PAE, music etc


Subject: PAE, music etc
From: Buerck / Vihmand (Buerck_Vihmand@compuserve.com)
Date: Fri Jul 02 1999 - 01:33:01 EDT


I fully agree with Natasha. Honestly, I don't know what this talk about
"acedemic music" (as opposed to popular music) really means. Isn't it just
a bunch of cliches?

We live in an age where individual experiences, emotions and reflections of
individual people are getting more and more standardized by industrial
products. Many (most?) people's ideas of "music" are shaped by the cliches
of popular music, forming a kind of filter which filters all the music they
listen to. Therefore, of course, if certain music doesn't consist of these
cliches, there is hardly anything left if one puts it through this filter,
and so these people deprive this music of being "music".

In my eyes it would be absolute nonsense to state that "serious"
contemporary music is "difficult" to understand and, for this reason, could
only attract an academic audience. The problem some people have with this
music is rather due to the fact that it lacks cliches they want to
recognize.

Natasha speaks about "academic" music which gives "the opportunity for a
listener to emotionally and maybe even intellectually explore such
concepts". She hits a very important point. Exploring - just like every
real kind of experience - is a PROCESS, and it takes time. For me good and
fascinating music is music to which I can listen many and many times
without really "capturing" it, and I find music boring which is obvious
when listening to it for a second (or even for the first) time.

Of course each kind of music has a different idea and intention and also a
different function. It wouldn't be the right place to play a string quartet
by Beethoven or a piano piece by Finnissy in a disco. It is a different
kind of music which is required in this situation, and this is all right.
And I find it great to listen to rock music when I feel like it. But in
this case I am aware of the fact that this is just a particular kind of
music, an "instant gratification music", as Natasha put it, and that there
are different kinds of musical experience beyond that.

So I don't deprive this popular music of its existence. But I do object to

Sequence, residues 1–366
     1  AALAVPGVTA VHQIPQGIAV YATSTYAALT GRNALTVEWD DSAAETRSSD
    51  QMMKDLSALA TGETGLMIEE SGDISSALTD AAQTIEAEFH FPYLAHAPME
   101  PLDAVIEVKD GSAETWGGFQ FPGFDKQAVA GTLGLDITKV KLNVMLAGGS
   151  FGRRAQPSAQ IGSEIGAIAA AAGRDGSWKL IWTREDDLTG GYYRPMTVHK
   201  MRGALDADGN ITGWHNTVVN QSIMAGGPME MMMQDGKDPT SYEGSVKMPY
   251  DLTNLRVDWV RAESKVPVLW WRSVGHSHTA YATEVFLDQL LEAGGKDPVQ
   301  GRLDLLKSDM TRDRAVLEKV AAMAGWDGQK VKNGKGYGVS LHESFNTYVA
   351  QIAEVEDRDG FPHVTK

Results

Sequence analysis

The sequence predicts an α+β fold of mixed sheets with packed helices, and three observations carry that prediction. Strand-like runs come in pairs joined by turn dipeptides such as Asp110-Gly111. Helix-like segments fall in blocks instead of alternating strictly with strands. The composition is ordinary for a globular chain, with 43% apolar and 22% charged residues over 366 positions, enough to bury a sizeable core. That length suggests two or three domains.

those who claim 'pop musics' to be THE music. I do object to those who
blame electroacoustic music of only appealing to small audiences. What is a
small audience, what is a large audience? For the Rolling Stones maybe
10000 people would be a small audience, but for chamber music 500 people
are sizeable. Why think in terms of quantity rather than quality? Is the
market the only God we worship? Should we all listen and applaud to the
same kind of standardized music? Should we all be happy to eliminate the
little bits of individuality we still have?

I don't know which term would be appropriate for music which is opposed to
'pop musics'.'Art music'? I don't really like the term 'academic music',
since it gives a wrong impression. Is it called 'academic' because the
composers work at academic institutions (and therefore don't have to
compose commercially-oriented music), or is it called 'acedemic' because
these composers live in a safe little world, writing music according to
certain boring academic rules which can be cliches, too? Is Beethoven's or
Bach's music 'academic'? Thinking of Stockhausen in the fifties, I wouldn't
call his music 'academic'. He was just trying to find a completely new
musical language and a completely new aesthetic, which was absolutely
opposed to every kind of music which had existed before. And this was quite
a risk. He was frowned upon, almost spat upon by many people, but he
created this music because he felt he HAD to create it. Later on, serial
techniques became acedemic and 'ossified' to cliches. Many
pseudo-revolutionary imitators used these techniques to write boring music
without taking any risks any more.

Therefore 'serious' music (the term 'serious composer' always reminds me of
the 'constant frown' type) is not necessarily synonymous with 'academic'
music. Many colleagues working at academic institutions create interesting
and exciting music which is far from boring academic rules and far from
superficially structured music as well. And this music is very open-minded
and risky.

What we need is VARIETY rather than standards. And, thanks God, there are
still people who have the desire to make individual (long term) experiences
which don't coincide with (instant gratification) cliches and standards.
And if they are a minority (which is sad enough), why blame them for that?

Best,

Rainer
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Rainer Bürck Tel: -49-7125-7790
Am Samuelstein 9 Fax: -49-7125-70685
72574 Bad Urach E-Mail: Buerck_Vihmand@compuserve.com
Germany Web: http://www.digitale-medien.com/burck/



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